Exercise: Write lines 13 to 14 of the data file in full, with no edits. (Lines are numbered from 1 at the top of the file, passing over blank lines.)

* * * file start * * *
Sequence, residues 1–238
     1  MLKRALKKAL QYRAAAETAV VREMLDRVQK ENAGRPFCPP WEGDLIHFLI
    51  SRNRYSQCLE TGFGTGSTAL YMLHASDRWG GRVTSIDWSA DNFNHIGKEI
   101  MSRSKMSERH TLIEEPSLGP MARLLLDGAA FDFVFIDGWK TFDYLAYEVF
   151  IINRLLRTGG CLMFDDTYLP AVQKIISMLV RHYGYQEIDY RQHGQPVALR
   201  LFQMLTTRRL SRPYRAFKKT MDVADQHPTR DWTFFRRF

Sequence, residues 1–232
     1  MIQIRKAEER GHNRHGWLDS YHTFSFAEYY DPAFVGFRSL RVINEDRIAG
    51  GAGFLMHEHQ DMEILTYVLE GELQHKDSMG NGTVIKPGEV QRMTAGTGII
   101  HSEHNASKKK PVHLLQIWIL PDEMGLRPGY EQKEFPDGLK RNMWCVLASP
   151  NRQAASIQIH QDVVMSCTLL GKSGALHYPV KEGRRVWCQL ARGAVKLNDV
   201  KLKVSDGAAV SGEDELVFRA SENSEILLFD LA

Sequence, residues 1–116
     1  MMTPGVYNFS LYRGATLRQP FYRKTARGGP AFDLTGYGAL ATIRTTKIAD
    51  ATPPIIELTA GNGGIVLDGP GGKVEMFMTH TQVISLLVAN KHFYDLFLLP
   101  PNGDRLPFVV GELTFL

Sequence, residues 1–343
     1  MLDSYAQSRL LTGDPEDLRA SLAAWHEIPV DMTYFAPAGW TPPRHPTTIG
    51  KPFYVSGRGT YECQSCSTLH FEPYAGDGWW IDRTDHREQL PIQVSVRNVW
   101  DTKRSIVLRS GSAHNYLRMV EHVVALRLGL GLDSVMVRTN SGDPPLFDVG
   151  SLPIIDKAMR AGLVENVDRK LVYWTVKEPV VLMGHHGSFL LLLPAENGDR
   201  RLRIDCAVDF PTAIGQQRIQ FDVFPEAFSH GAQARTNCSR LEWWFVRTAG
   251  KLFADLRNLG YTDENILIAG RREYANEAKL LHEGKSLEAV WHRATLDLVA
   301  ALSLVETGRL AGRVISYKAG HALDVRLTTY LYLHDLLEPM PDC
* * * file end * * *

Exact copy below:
Sequence, residues 1–116
     1  MMTPGVYNFS LYRGATLRQP FYRKTARGGP AFDLTGYGAL ATIRTTKIAD